When my kids entered adolescents there were many things I didn’t expect. Most of all, the realization that I had parenting all backwards. I thought I was the one who would be helping them grow up, not the other way around!
What I REALLY didn’t expect to encounter, was how much parenting an adolescent would stretch me and how much I would learn about myself (oftentimes rather painfully).
Here are 6 unexpected things that I’ve learned parenting an adolescent:
When your tween or teen is acting out, look at yourself.
I can’t tell you how often parents come to me wanting to fix their kids. I totally get it. I’ve done the same thing.
Supporting my kids is one thing, but when I’m focusing more on fixing them, I need to take a step back and look at myself.
Asking myself these questions has proven more effective to bring about positive change than anything else I’ve done to help my kids –
“What am I feeling? What’s going on with me?”
“Am I open to seeing myself accurately and how I play a part?”
“What am I meant to learn about myself from this?”
“How might I need to grow and what may I need to learn so I can respond and communicate in more effective ways?”
We need to remind ourselves to keep bringing it back to ourselves when we’re overly focused on our kids.
You talk way too much.
I’ve learned there is healing power when I shut up and listen.
David Augsburger summed it up, “Being heard is so close to being loved that for the average person, they are almost indistinguishable.”
Listening speaks a thousand words to our children, more that any advice ever could.
I’ve been a slow learner but it’s never too late to take a back seat and open your ears to really hear your tween or teen’s heart.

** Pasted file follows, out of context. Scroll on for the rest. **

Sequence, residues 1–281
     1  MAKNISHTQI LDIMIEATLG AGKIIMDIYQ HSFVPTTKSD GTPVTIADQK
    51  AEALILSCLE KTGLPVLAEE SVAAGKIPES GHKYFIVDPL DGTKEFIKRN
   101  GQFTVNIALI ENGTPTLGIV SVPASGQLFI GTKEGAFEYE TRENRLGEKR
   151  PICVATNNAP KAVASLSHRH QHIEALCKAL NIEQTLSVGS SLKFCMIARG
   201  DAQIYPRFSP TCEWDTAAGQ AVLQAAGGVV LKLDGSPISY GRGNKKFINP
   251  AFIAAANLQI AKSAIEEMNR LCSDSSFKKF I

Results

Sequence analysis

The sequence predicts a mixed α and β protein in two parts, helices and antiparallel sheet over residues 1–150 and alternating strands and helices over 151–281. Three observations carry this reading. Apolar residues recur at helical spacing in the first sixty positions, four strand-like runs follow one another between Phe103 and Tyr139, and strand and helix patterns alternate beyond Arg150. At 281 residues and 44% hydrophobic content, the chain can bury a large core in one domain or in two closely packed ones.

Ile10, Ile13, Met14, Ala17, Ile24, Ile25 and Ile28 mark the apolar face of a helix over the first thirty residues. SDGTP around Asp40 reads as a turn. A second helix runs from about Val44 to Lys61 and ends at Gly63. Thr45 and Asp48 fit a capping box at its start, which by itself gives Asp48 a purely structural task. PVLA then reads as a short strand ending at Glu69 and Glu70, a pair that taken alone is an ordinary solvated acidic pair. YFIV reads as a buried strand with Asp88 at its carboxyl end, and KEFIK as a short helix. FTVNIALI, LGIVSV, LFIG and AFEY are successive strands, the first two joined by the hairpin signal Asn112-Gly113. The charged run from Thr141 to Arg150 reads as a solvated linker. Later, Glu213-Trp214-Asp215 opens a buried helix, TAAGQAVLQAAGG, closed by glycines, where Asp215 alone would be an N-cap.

Recently we were traveling as a family when I noticed my husband carrying everyone’s suitcases. I reminded him, “Honey, you don’t have to carry all that anymore. Let our kids carry their own “stuff.”
At times I still try to take over and claim responsibility for the things that don’t belong to me anymore. As our kids become more independent we need to allow them to carry and handle more of their own “stuff”.
With two of kids now in their twenties, I remind myself, “It’s their life not mine.”
Whatever you do, make sure to laugh your butt off.
When one of my daughters was about 8, I asked her what meant the most to her, “When you laugh at my jokes.”
I would argue that laughter helps us to bond more with our adolescents that possibly anything else.
Many times these opportunities present themselves in the mess ups – the dog throwing up the birthday cake, tripping on the sidewalk, or spilling on yourself.
Laughter takes into account that our time is too precious to waste stressed out over the little things. When we relax and enjoy the moment, laughter comes more easily.
Perhaps the things we worry about would work themselves out if we would simply enjoy one another and laugh a lot more.
If I could go back, and change one thing about how I parented my first child, I would trust her process and fear less.
I wouldn’t fear about her future when she didn’t do her homework, panic and try to control when I wasn’t keen about her friends, or freak out when she drank alcohol for the first time. I’d give more freedom with boundaries and listen more closely to what she needed.
Then again, no regrets, I was growing up and learning too.
Celebrate the child you have, not the one you thought you were suppose to have.
We are wise when we recognize and rip up our fantasy photos of who we thought our child was supposed to be and embrace and accept the child we have.
Each child is brilliant in their own way we just may have to look more closely for the diamond in the rough.
When we hold on to the image of who we thought our adolescent was suppose to be according to us, we create suffering for ourselves and them.
Our kids want to know, “I accept and love you just the way you are.”
I understand if you’re not feeling it because it’s tough right now. We all struggle to accept what’s different than what we envisioned.
My ongoing practice is to mentally rip up my fantasy photos and trade them in for acceptance, eyes to see my children’s unique magnificence, and an openness to what they can teach me.
How about you? What is one unexpected thing that you’ve learned from parenting your tween or teen? What might you be learning about yourself?